"official business," but that the term had been construed to require a
 determination that the activity was sufficiently within the interest of
 the United States.  Concluding that such determinations are within the
 discretionary administrative authority of an agency, we consequently
 held that the agency was obligated under the Statute to exercise that
 discretion through negotiation unless precluded by regulatory or
 statutory provisions.
    Applying these principles in this case, we find that both proposals
 are negotiable.  Initially, we must reject the Agency's assertion that a
 labor organization operation as an exclusive representative of employees
 in an appropriate unit and performing labor-management relations
 activities under the Statute is no different than any other private
 organization and its activities.  As expressly set forth in section 7101
 of the Statute and as specifically acknowledged by the Authority, labor
 organizations and collective bargaining are in the public interest.  See
 Department of the Air Force, Scott Air Force Base, Illinois, 5 FLRA 9,
 11 (1981).  More specifically, Congress found that statutory protection
 of the right of employees to bargain collectively through labor
 organizations safeguards the public interest, contributes to the
 effective conduct of public business, and facilitates and encourages
 amicable settlement of disputes.  Thus, the Agency's reliance on
 decisions prohibiting provision of telephone service to private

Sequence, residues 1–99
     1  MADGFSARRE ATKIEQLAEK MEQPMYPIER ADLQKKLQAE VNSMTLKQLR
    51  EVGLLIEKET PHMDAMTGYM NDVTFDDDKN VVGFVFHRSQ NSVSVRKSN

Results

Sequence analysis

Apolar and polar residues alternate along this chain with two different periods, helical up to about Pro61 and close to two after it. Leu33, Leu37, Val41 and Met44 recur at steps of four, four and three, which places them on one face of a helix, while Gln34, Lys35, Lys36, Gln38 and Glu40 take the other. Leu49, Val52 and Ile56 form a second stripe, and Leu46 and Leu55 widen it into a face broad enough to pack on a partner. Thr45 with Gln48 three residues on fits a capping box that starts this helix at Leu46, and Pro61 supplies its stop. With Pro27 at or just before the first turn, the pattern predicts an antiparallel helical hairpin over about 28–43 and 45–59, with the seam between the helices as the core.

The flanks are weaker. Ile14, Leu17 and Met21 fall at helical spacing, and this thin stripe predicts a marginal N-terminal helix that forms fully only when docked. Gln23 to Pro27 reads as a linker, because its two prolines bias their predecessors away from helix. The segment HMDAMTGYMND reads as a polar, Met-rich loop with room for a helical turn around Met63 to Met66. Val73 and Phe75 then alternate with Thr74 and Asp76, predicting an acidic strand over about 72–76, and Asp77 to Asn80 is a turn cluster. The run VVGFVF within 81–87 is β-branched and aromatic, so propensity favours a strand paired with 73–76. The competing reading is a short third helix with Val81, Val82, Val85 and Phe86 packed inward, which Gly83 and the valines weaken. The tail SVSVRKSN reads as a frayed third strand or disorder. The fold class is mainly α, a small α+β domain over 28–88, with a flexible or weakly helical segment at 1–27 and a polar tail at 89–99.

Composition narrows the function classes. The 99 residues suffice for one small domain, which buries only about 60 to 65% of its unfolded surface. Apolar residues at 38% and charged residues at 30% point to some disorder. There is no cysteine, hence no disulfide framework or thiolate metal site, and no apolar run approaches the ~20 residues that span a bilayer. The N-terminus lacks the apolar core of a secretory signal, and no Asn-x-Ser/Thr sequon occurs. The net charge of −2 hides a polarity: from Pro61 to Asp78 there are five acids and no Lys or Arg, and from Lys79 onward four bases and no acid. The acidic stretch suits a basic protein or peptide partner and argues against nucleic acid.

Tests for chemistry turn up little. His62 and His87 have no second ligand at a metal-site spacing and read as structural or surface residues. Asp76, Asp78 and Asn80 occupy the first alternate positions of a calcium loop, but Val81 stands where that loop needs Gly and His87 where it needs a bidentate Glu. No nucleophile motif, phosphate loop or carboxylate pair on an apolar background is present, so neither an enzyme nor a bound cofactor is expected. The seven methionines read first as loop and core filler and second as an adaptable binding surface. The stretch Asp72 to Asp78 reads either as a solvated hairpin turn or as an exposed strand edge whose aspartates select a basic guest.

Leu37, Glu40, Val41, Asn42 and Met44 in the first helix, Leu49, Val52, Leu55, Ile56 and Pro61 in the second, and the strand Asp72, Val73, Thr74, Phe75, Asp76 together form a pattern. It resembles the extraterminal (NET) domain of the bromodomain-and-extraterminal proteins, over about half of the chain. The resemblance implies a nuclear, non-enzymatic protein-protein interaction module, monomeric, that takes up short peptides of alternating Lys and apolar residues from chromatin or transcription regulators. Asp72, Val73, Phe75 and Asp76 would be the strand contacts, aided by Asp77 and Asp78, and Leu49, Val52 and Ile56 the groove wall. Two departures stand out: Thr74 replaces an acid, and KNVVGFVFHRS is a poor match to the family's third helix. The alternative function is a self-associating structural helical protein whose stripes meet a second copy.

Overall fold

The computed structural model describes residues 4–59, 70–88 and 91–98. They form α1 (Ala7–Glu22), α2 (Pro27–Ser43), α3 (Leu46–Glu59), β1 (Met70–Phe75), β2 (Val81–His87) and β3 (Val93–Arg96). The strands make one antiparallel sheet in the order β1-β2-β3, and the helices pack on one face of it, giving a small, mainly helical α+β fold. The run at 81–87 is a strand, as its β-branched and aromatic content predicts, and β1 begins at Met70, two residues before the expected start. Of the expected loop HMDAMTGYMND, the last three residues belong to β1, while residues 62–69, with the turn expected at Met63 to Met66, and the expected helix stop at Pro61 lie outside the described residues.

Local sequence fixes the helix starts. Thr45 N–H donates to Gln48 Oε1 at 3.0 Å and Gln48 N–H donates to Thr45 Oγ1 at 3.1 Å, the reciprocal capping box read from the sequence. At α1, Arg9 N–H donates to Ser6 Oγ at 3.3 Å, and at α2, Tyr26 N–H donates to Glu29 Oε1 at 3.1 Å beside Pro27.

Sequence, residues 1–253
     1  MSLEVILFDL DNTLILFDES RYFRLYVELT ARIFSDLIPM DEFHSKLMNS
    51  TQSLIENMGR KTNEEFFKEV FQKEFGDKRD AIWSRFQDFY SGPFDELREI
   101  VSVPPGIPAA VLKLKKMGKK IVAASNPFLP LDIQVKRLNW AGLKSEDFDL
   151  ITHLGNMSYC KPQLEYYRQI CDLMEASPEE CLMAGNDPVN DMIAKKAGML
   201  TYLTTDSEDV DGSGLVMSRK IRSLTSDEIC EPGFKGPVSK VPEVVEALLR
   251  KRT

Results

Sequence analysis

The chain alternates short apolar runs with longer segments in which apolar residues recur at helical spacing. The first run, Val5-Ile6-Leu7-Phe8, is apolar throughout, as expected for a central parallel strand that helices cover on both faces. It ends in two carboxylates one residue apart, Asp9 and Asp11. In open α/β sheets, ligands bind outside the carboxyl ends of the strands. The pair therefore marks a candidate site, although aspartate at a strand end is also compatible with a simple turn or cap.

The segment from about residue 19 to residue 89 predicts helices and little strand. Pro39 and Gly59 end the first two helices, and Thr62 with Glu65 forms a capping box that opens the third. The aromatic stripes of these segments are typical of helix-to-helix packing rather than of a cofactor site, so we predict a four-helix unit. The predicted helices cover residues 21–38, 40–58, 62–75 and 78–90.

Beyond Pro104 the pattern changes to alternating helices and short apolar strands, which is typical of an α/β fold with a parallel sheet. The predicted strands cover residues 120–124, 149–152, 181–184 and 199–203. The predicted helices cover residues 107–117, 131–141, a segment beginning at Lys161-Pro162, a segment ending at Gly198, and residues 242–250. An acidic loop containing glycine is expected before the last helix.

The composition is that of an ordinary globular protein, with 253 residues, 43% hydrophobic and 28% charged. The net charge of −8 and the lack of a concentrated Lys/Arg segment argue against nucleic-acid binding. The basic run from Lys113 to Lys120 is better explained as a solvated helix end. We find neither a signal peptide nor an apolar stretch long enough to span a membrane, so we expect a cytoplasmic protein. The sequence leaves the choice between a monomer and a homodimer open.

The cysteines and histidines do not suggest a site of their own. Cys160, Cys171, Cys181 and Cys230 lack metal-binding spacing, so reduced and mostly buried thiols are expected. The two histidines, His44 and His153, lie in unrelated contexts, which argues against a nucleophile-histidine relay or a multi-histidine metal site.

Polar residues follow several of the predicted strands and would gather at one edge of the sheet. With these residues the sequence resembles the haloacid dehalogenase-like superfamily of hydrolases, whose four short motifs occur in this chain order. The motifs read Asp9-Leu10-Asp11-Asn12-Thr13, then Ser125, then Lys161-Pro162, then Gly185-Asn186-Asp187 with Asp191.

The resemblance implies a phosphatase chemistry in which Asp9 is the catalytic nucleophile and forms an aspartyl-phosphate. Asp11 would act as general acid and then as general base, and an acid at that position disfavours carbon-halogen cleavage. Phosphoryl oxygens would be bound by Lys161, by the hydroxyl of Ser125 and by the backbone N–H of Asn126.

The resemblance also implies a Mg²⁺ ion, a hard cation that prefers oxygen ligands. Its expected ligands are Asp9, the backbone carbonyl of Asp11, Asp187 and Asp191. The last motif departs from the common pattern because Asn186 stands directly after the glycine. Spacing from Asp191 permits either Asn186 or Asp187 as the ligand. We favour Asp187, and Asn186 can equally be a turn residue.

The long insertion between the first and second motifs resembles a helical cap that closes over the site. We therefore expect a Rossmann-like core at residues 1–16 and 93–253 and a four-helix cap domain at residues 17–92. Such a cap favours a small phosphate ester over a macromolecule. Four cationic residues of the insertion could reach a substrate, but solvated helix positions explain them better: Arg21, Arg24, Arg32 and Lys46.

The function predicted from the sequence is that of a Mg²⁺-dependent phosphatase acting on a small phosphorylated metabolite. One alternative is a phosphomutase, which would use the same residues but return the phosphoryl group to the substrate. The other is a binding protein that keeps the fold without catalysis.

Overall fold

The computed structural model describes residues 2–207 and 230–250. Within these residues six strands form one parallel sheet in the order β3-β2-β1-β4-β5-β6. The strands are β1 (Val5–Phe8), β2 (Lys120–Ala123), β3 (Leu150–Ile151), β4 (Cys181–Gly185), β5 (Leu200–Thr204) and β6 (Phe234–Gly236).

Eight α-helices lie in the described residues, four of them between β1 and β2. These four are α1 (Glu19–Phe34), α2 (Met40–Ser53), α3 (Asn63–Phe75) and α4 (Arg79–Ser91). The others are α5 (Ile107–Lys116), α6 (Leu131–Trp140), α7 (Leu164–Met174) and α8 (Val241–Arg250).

organizations is misplaced.
    The issue is whether the proposals are outside the duty of the Agency
 to bargain under the Statute.  As in U.S. Customs Service, the statutory
 and regulatory provisions cited by the Agency do not specifically define
 the terms "official business" or "official Government business" for
 which purpose the use of any government telephone is restricted.  The
 terms have been construed as requiring a determination that the purpose
 of the use of the government telephone is in the interest of the United
 States.  Matter of:  Gerald S. Mathews, Comptroller General Decision No.
 B-220104, Aug. 4, 1986.  Consequently, as in U.S. Customs Service, we
 find in this case that the proposals are not inconsistent with law or
 government-wide regulation, as alleged, specifically 31 U.S.C. Sections
 1301, 1348(b) and 41 CFR Section 201-38.007.  /2/ The Agency fails to
 cite any statutory or regulatory provision which would prohibit it from
 exercising through negotiations its discretion to determine that
 telephone installation and service for union offices relating to
 labor-management relations activities is sufficiently within the
 interest of the United States so as to constitute official business.
 Likewise, the proposals do not require telephone installation or service
 which does not comport with cited statutory and regulatory requirements
 and restrictions.
    In addition, we note that finding these proposals to be negotiable is
 consistent with other Authority decisions addressing proposals or
 provisions for telephone use by union officials in conducting
 labor-management relations activities under the Statute.  American
 Federation of Government Employees, AFL-CIO and Air Force Logistics
 Command, Wright-Patterson Air Force Base, Ohio, 2 FLRA 604 (1980)
 (Proposal II), enforced as to other matters sub nom. Department of
 Defense v. FLRA, 659 F.2d 1140 (D.C. Cir. 1981), cert. denied sub nom.
 AFGE v. FLRA, 455 U.S. 945 (1982);  American Federation of Government
 Employees, AFL-CIO, Local 3748 and Department of Agriculture, Scienc